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WASHINGTON (AP) — Even as Congress is blowing its deadline to produce a budget, a once-dominant Senate committee tried to reassert itself and move ahead on 12 annual spending bills that for years have been offered as a take-it-or-leave-it bundle.
The Senate Appropriations Committee unanimously approved two of the most popular spending measures on Thursday, providing spending increases for veterans and funding popular energy and water development programs. Senate Majority Leader Mitch McConnell, R-Ky., promised to spend three months of the Senate's time for floor debates on the measures, trying to revive an appropriations process that broke years ago.
But a companion House effort faces an uncertain future, as GOP conservatives derailed the efforts of House Speaker Paul Ryan, R-Wis., to pass a separate, broader budget plan. Many GOP conservatives oppose both the GOP budget and the follow-up spending bills, which include higher spending levels of last year's budget deal.
Along the way, senators debated topics such as in-vitro fertilization benefits for veterans, medical marijuana and closing the prison in Guantanamo Bay, Cuba. The underlying bills fund veterans programs, construction on military bases, upgrading the nuclear weapons stockpile, and energy research.
In moving the legislation, seasoned legislators like Sen. Lamar Alexander, R-Tenn., and Dianne Feinstein, D-Calif., sought to revive the Senate's bipartisan past. One moment featured Senate Democratic campaign chairman Jon Tester of Montana praising Sen. Mark Kirk of Illinois, who is a top target for Democrats this year.
Republicans dropped controversial environmental policy "riders" of prior years, and Democrats praised the moves of panel Chairman Thad Cochran, R-Miss., and McConnell for trying to restore open debate and amendment of the 12 must-do measures.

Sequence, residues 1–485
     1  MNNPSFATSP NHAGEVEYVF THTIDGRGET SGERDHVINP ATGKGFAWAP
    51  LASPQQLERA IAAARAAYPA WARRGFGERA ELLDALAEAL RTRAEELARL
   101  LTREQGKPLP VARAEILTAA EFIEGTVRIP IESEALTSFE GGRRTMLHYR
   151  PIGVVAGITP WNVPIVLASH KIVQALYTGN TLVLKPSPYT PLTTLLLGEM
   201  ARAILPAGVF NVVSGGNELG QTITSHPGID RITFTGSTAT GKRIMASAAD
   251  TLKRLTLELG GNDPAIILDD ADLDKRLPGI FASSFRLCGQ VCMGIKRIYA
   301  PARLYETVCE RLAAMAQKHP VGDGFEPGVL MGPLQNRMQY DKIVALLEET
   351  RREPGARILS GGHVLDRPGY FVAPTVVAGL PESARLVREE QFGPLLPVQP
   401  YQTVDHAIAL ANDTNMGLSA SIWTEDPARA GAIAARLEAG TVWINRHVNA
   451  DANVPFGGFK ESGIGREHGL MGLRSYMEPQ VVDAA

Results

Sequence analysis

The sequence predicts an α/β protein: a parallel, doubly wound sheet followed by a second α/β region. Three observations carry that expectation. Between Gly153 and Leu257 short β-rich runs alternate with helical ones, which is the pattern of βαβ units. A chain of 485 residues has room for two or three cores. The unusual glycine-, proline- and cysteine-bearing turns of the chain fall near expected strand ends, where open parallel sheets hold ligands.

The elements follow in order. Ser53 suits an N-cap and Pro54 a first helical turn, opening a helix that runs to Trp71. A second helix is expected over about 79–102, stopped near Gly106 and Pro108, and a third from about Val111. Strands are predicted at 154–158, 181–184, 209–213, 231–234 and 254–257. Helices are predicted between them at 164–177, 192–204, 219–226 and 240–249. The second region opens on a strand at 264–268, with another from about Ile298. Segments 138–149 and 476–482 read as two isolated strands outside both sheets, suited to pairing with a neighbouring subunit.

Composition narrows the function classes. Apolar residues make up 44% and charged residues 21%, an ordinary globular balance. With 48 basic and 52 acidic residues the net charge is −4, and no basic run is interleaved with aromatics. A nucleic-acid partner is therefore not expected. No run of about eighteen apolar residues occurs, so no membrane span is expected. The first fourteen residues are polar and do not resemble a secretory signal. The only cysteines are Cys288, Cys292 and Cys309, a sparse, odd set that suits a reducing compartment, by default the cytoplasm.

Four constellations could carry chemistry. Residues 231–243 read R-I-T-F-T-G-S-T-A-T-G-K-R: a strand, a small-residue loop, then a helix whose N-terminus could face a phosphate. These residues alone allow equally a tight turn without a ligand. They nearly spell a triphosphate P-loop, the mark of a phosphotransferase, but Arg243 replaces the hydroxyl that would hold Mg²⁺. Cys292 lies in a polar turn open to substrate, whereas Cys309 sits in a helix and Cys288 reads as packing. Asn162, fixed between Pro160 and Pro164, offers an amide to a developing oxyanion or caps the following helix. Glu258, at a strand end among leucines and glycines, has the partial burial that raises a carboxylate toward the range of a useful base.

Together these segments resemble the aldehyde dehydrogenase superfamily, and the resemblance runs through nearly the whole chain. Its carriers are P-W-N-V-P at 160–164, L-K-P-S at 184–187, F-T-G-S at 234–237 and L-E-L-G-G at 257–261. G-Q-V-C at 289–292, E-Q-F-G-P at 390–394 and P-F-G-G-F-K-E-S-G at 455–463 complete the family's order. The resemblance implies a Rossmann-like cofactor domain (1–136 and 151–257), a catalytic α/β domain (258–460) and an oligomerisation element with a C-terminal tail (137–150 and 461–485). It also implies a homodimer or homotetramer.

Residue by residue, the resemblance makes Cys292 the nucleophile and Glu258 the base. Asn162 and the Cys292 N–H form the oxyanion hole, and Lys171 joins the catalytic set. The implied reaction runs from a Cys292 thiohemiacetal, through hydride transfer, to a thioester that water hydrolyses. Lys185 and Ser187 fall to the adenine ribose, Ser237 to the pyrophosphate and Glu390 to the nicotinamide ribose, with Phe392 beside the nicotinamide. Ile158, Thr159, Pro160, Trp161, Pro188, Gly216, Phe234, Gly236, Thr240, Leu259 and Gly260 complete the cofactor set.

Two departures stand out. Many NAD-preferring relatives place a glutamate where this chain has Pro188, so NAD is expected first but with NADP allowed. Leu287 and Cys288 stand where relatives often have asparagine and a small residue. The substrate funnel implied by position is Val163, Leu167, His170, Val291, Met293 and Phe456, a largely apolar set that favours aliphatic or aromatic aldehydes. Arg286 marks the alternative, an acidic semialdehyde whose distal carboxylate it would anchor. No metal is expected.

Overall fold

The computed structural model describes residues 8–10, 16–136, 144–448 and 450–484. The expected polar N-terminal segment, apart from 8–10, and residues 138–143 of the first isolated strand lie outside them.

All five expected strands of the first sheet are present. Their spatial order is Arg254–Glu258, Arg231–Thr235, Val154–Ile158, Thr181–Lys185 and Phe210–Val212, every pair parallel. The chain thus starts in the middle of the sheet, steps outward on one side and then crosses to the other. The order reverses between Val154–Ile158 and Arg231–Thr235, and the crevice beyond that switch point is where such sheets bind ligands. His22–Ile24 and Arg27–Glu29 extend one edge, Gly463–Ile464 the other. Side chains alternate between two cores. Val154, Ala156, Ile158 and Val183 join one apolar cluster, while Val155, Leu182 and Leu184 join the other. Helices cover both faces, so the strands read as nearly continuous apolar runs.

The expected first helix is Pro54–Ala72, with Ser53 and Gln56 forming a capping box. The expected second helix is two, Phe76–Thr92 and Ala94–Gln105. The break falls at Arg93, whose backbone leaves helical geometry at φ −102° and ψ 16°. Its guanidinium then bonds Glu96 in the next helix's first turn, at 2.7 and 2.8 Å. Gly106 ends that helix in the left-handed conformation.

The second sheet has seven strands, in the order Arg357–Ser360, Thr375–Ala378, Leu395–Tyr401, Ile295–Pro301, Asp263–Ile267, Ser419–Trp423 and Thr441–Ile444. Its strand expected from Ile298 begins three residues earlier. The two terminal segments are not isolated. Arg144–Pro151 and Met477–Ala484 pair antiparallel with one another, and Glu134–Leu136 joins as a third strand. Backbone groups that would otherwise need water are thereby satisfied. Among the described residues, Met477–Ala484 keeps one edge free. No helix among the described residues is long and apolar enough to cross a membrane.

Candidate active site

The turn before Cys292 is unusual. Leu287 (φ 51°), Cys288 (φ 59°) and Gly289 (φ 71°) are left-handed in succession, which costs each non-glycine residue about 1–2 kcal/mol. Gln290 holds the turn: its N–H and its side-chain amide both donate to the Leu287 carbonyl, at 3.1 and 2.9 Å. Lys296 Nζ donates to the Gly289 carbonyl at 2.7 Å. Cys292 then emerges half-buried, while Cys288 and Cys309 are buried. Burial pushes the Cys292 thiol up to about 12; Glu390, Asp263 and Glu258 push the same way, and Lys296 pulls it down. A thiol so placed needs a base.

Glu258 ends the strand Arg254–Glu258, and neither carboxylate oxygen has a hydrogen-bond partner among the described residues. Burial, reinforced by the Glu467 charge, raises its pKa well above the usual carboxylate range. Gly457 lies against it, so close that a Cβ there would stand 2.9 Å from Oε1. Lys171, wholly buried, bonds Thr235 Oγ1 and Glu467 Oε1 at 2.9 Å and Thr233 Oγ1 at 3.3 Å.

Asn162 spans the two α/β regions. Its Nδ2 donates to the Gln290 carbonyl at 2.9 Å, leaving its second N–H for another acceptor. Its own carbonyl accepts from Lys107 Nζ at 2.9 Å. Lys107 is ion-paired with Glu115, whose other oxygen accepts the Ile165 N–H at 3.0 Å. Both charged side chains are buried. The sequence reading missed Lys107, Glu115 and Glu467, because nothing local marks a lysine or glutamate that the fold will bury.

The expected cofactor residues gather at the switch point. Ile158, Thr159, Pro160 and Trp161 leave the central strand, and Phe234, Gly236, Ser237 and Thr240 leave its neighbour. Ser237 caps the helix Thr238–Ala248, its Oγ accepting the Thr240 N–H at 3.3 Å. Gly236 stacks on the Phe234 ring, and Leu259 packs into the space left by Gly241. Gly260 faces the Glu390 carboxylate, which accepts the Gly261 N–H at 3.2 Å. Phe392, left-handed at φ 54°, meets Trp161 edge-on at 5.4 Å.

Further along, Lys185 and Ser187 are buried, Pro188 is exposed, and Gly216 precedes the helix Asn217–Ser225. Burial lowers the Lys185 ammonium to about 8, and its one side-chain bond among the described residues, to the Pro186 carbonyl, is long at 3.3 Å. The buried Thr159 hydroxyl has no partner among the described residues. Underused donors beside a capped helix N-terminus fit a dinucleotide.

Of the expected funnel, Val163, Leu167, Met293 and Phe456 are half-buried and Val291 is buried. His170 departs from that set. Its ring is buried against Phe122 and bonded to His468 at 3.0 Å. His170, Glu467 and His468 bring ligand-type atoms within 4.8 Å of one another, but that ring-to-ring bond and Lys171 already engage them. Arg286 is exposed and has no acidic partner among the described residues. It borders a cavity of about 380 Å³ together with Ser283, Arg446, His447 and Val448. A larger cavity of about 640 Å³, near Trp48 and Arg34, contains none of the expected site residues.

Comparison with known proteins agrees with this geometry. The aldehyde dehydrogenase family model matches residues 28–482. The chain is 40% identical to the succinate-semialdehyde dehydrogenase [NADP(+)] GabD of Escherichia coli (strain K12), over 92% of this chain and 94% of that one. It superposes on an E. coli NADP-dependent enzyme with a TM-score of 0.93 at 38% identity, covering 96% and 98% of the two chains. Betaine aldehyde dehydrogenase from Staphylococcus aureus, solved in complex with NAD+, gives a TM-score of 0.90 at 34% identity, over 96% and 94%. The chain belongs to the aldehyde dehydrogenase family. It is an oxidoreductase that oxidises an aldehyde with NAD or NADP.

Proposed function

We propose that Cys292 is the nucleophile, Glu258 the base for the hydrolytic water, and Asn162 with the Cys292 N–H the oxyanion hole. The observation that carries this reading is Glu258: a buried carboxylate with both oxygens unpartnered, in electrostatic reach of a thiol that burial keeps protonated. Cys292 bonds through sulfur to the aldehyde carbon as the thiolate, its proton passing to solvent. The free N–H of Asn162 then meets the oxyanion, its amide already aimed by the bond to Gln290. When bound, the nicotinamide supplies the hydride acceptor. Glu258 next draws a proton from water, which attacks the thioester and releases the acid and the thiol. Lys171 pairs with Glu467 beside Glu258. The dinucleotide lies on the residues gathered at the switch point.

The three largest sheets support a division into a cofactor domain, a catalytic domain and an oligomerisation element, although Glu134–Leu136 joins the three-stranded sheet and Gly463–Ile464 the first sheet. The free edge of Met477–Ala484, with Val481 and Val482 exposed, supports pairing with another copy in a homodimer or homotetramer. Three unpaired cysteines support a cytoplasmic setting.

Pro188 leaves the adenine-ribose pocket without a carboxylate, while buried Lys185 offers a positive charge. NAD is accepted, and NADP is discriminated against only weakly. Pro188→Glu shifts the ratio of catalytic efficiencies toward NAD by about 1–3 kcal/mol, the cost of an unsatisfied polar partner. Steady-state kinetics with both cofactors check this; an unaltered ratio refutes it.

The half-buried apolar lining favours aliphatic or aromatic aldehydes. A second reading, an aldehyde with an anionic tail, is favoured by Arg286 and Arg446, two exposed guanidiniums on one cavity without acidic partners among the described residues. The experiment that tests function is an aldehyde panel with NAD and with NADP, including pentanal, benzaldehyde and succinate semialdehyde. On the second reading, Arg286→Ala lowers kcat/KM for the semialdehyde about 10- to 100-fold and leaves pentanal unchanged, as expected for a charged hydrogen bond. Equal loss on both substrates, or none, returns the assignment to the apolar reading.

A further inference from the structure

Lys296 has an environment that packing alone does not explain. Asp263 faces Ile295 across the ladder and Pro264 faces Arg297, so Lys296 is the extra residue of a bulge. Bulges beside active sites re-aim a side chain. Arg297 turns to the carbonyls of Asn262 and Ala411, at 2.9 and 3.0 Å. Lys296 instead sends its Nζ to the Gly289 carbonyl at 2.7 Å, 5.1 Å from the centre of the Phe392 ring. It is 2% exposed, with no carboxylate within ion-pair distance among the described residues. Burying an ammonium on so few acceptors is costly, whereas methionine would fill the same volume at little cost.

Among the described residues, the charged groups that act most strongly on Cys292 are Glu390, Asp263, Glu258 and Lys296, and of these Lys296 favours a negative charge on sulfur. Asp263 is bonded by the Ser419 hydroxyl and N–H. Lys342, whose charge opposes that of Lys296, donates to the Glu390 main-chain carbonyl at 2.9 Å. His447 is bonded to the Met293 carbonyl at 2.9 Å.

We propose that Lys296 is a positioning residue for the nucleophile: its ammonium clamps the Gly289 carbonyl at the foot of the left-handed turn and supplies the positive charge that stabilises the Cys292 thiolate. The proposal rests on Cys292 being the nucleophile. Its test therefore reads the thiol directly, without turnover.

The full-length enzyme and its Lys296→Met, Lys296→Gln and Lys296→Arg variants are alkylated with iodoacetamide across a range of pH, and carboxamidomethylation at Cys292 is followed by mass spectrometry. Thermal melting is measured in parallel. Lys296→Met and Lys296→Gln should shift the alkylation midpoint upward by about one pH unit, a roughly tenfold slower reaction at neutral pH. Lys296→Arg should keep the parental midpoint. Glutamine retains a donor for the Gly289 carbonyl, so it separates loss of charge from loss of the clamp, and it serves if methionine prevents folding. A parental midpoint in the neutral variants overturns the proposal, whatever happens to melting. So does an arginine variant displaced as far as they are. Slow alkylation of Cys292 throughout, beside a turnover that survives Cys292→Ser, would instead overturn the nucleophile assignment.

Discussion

The panel is something of a throwback in today's electronic age. Cochran, like his predecessors, refuses to release legislation in advance of panel debates and the public was denied admission to Thursday's meeting since the historic room in which it was held is too small. Only a handful of reporters was admitted.
Under Washington's arcane budget rules, it typically takes passage of a broader but nonbinding measure known as a budget resolution to move ahead on the follow-up spending bills. An obscure provision in last year's budget deal has exempted the Senate from this requirement. The House Appropriations Committee is forging forward nonetheless but may run into roadblocks in either getting its bills to the floor or winning bipartisan support once they're there.
Friday is the deadline for passing the budget. Ryan, who successfully maneuvered through four cycles as chairman of the Budget Committee, has been flummoxed by conservatives, who oppose the budget because it endorses higher funding for domestic agencies as demanded by President Barack Obama last year.
"The Ryan budget that has been proposed is the most devastating road-to-ruin budget in history," said Minority Leader Nancy Pelosi, D-Calif. "And even that wasn't brutal enough for the radical forces that have taken control and dominate the House Republican caucus."
Meanwhile, the Senate panel adopted a provision by Sen. Patty Murray, D-Wash., that would provide in-vitro fertilization benefits to veterans. Sen. Steve Daines, R-Mont., won renewal of a provision to allow Veterans Administration doctors to discuss medical marijuana with their patients. The lengthiest debate of the more than two-hour session involved a move by Sen. Chris Murphy, D-Conn., to make it easier for surviving merchant mariners from World War II to file paperwork to claim their medals.
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